Wednesday, December 03, 2008

West Texas Autumn

Every year, I travel out to west Texas to visit with my in-laws. I look forward to the peace and quiet, and the clear skies at night. All the stars amaze me every time I go, and you can hear a car driving a mile away. On the drive home, I noticed how the clear crisp air disappeared as we drove east, and a grey haze settled in. What stars you are able to see here appear blurry. I suppose the humidity has something to do with it.


This first pic was taken where we spread my husband's ashes. It's a place called The Turkey Roost, but lately we just call it The Well, because the wild turkeys don't seem to roost there anymore.


Same place, looking from a different direction.


The old knotted live oak on the dirt road up to the house.


Just wandering through the pastures. The cows followed me around until I got back to the house. I guess they thought I had food. It was funny, though, they wouldn't get too close. They have over 600 acres on this ranch.


Mistletoe on a Texas Mesquite.

Thanks Mary for putting up the new monthly themes. Sorry I dropped the ball on that one. I just forgot. The Mistletoe is my winter evergreen for this month's theme, but I have to admit, I'm just now getting in the fall mood ;]

6 comments:

Mary Stebbins Taitt said...

Lovely pictures, Blue Rose. Beautiful. Do you have a sense of completion after spreading your husband's ashes--sad, but more resolved? We recently buried my parents' ashes and that was sad but good, in a way.

Mary Stebbins Taitt said...

neat shot of a mistletoe. I like it. (Looks sort of like green grades.)

bluerose9062 said...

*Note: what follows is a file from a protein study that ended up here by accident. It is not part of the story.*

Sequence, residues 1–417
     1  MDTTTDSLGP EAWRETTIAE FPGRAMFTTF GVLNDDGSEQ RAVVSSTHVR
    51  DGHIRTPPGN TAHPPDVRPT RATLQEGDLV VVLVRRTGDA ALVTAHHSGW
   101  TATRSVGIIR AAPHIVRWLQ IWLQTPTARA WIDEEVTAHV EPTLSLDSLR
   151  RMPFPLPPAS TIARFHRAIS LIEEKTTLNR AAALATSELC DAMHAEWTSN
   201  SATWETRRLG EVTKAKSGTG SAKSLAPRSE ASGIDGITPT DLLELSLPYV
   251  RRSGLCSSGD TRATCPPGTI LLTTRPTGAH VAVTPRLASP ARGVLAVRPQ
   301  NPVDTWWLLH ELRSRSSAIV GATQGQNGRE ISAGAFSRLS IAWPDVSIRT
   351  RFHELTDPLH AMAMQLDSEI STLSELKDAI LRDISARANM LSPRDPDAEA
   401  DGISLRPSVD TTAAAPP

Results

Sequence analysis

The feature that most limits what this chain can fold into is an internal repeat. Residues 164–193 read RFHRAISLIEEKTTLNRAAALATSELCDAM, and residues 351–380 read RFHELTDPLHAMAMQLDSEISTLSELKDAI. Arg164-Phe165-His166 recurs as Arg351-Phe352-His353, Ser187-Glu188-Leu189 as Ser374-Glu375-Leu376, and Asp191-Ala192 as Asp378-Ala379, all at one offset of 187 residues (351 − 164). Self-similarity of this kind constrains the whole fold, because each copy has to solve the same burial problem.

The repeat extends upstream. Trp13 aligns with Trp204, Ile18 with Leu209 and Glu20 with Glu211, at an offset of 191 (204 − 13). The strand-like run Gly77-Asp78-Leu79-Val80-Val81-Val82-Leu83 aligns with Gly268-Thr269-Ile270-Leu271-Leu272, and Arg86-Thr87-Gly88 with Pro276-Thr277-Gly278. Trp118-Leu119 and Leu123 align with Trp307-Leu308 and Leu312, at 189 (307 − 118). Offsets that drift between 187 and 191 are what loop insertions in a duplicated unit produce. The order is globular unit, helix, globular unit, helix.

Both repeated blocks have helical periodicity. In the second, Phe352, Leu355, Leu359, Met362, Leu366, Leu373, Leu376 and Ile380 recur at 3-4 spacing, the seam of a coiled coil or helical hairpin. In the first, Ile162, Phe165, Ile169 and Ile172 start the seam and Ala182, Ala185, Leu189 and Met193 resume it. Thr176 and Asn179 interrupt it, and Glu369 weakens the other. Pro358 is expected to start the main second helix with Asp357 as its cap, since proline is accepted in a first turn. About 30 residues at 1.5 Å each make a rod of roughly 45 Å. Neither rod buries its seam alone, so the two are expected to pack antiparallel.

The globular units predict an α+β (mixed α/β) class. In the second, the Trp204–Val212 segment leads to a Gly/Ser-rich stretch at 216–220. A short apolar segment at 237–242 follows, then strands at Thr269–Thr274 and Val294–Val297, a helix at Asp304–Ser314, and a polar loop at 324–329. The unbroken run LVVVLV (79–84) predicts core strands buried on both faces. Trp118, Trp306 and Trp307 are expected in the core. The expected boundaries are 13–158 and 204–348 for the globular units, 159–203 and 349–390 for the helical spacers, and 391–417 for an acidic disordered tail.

Thanks Mary! I took his ashes out there about 6 months after he died. I was still in shock. I'm not sure if I have ever felt a sense of completion, but I do feel peaceful when I go out to the Turkey Roost. I usually wander off by myself and take pictures of things.

You know for years I didn't know that was Mistletoe, because it didn't have red berries. I was so amazed to find out Texas had Mistletoe. We don't have it here in east Texas. I have a mesquite tree here in a garden I planted for my husband to make him feel at home, but it's kind of scawny, and the Mistletoe that was growing on it died.

Mary Stebbins Taitt said...

Reading your posts about your husband make me feel tearful. I haven't lost a husband to death, but that would be so terrible and sad.

Do you feel any sense of connection to him when you are there?

Mistletoe is cool and interesting.

bluerose9062 said...

Oh definitely! He's all around me there! I had never seen a place like that before I met him. He grew up there. His stories surround me as I walk through the pastures, sit with his family, and drive through the Hill Country. I can look at this tree or stand in that place, and remember our conversations. I can imagine what we'd be talking about now. I relax and feel at ease.

Thanks for asking :]

I've been a bit tearful myself lately.

Mary Stebbins Taitt said...

It must be nice to have a place where you can feel close to him!!! Being there though for Thanksgiving prolly reminded you of how much you miss him!!!!!

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